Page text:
Grand Jury Representation

Before any felony case can be tried, it has to go to the Grand Jury and be indicted. Though rare, even a misdemeanor allegation can be referred to and heard by the Grand Jury. If a case is no-billed, it is generally not going to be prosecuted unless new evidence is discovered. If new evidence is discovered, or if a complaining witness complains about an initial No Bill, the case can be re-presented to the same Grand Jury, or it can be re-submitted to a new and different Grand Jury. Sometimes a Grand Jury will hear the facts of a case and decide that it should be indicted as a misdemeanor offense instead of a felony offense. For example, the prosecutor might ask the Grand Jury to indict a case as an aggravated assault (felony) and the Grand Jury might determine that it should be prosecuted as a simple assault (misdemeanor).

The Grand Jury is a group of twelve to sixteen citizens picked by the judges to serve limited terms hearing the cases presented by the prosecutor's office and then either issuing a True Bill (an indictment) or a No Bill. The Grand Jury's role is that of a filter. The Grand Jury determines if the Government has probable cause to pursue the case. Probable cause is a much lower standard of proof than the standard of proof in a trial, which is proof beyond all reasonable doubt. Consequently, the vast majority of the cases presented to a Grand Jury are indicted. This makes sense when you think about it. If an arresting officer determines that she has probable cause to make an arrest, the Grand Jury will normally agree with the arresting officer. They play different roles, but the legal standard of proof is the same, probable cause.


If nine of the twelve Grand Jurors believe there is probable cause, the case is indicted and it moves to one of the various trial courts. Although the Grand Jury operates in secret and usually no one but the prosecutor and their witnesses are allowed to address the Grand Jurors, in some situations a defense attorney can make a written presentation to the Grand Jury and provide written testimonials that can have an impact on the Grand Jury's decision. This is sometimes referred to as a "Grand Jury Packet." A defense attorney can even present his client or other witnesses to the Grand Jury but the Grand Jury has sole discretion on whether or not they want to hear from them. If they do chose to hear from them, the defense attorney has no right to be inside.This is risky but occasionally very effective.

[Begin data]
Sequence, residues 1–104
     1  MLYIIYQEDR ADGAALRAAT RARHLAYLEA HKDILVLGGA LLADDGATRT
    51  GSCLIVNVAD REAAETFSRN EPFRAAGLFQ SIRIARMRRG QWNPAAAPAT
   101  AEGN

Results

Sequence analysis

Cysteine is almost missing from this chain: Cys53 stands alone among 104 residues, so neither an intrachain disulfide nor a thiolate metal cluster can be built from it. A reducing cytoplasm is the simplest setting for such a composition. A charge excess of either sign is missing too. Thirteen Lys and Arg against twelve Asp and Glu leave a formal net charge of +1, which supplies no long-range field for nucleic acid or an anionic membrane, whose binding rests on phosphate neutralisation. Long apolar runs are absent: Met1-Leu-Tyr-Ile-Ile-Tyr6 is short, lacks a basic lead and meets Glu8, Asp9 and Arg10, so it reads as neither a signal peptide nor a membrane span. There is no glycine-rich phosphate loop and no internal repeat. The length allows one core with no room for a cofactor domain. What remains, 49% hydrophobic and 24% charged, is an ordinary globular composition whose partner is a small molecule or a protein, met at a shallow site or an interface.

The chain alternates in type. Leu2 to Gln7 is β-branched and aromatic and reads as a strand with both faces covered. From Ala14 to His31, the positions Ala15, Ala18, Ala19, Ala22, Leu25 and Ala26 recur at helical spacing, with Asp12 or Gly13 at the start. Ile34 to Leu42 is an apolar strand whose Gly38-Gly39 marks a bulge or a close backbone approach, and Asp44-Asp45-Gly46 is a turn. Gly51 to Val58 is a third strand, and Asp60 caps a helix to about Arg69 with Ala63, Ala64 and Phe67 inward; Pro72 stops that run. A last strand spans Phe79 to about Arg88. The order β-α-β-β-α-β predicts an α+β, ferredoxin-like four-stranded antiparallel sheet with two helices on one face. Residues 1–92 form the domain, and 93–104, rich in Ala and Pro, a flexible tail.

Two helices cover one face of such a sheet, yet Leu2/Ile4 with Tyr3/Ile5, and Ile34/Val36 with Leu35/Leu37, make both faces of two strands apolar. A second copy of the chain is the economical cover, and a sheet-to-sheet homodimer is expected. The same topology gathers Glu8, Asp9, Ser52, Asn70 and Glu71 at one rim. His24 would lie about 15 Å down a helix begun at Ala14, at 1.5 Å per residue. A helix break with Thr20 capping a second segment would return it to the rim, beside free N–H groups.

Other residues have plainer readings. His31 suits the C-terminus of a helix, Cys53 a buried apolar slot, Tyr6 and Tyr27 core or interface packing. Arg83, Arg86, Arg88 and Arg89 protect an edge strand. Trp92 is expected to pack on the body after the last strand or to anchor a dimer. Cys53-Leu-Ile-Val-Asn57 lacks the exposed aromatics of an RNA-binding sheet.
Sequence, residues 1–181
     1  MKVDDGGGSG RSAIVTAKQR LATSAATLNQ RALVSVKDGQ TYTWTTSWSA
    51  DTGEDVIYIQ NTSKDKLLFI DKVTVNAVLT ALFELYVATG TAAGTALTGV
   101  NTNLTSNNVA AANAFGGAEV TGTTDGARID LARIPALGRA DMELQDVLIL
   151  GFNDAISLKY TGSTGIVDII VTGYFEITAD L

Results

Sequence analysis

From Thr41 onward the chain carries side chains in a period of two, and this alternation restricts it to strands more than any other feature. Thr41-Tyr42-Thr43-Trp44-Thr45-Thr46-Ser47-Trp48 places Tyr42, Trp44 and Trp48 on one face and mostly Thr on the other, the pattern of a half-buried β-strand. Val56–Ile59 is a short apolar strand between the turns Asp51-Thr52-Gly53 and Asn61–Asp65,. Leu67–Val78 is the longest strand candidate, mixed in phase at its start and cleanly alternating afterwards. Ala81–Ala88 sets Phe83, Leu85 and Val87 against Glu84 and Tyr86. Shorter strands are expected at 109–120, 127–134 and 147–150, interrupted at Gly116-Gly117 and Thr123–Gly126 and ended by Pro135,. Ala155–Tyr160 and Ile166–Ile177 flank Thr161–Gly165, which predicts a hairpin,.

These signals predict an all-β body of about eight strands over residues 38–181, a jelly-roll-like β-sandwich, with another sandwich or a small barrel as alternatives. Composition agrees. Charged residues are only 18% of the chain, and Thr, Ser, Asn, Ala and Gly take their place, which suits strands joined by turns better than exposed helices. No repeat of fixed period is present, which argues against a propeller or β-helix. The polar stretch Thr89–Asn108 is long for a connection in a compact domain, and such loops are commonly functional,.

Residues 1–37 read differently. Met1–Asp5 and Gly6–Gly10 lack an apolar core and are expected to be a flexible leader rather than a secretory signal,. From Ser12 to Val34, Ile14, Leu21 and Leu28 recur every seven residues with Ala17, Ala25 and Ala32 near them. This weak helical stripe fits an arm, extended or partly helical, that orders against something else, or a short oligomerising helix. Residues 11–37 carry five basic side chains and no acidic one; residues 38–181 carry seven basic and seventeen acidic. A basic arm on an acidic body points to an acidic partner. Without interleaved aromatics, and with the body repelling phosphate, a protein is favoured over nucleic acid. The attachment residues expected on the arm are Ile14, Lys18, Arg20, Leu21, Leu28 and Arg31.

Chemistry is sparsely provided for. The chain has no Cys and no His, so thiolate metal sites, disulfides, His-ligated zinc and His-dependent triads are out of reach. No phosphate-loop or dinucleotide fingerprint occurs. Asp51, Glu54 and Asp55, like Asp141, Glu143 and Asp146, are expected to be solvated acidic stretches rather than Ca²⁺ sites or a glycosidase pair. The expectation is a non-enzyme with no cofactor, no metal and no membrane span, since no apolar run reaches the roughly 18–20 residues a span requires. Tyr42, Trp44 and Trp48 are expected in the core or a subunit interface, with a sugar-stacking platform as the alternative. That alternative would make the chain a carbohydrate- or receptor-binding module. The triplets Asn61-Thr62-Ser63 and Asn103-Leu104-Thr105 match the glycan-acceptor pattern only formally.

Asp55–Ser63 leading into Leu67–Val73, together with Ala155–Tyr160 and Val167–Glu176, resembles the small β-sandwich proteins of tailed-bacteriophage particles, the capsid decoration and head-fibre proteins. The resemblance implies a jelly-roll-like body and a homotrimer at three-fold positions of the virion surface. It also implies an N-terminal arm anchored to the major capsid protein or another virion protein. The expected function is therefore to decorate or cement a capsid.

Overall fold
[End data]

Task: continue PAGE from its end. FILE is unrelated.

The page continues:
A Grand Jury Packet might include additional information that was left out of a police report. It might also include information about the alleged victim and/or the Defendant. The packet might include, for example, the fact that the accused citizen passed a polygraph examination given by a reputable polygraph examiner that even the prosecution and police have used in the past. The packet might include proof that the accused has made full and complete restitution and an affidavit from the complaining witness that he has been made whole and does not wish for the Defendant to be prosecuted. In some situations the packet might include the transcript of favorable testimony given in earlier hearings, such as an examining trial. Every case is different, and every Grand Jury Packet will be different.

There are also important differences in the way that individual Grand Jury prosecutors in various counties in the Dallas/Fort Worth area allow access to the Grand Jury. In some jurisdictions the prosecution will actually allow the defense attorney to enter the Grand Jury room and address the Grand Jury in person. In other counties this practice is absolutely forbidden. In some counties the Grand Jury prosecutor will not allow written material to even be presented or considered by the Grand Jury unless it is submitted to the prosecutor for inspection at least 48 hours in advance. Perhaps most importantly, it is essential that the defense attorney knows how to determine when a particular case will be heard by a Grand Jury. In some counties the prosecutors are very good about providing adequate notice of a Grand Jury hearing if the defense attorney submits a letter or representation. In other counties, such as Dallas County, the defense attorney can submit many letters of representation addressed to every conceivable Grand Jury prosecutor who might present the case, and no notice, verbal or written, is given. If your lawyer doesn't know when your case will be presented to the Grand Jury she will not be able to present your side of the story.

Having presented scores of cases to Grand Juries as a defense attorney in front of both state and federal Grand Juries in multiple jurisdictions, Phillip Linder knows how the Grand Jury system operates. He also knows that a given Grand Jury can hear 50 or more cases each day that it meets, and that a thick, voluminous Grand Jury Packet will be ignored. He knows that the packet should be short and sweet and get right to the point. Mr. Linder has enjoyed considerable success in getting the right cases No Billed, or the charges reduced, for clients over the last sixteen years that he has been in private practice. He also knows that in the vast majority of cases a Grand Jury Packet will simply be a waste of time, energy, and resources.

If you or a loved one has been arrested for or charged with any criminal related offense, it is very important that you seek immediate representation with a qualified and experienced criminal defense attorney in your area. Phillip Linder has offices in both Dallas and Collin Counties and has represented people in counties all throughout Texas and in federal courts all throughout the United States.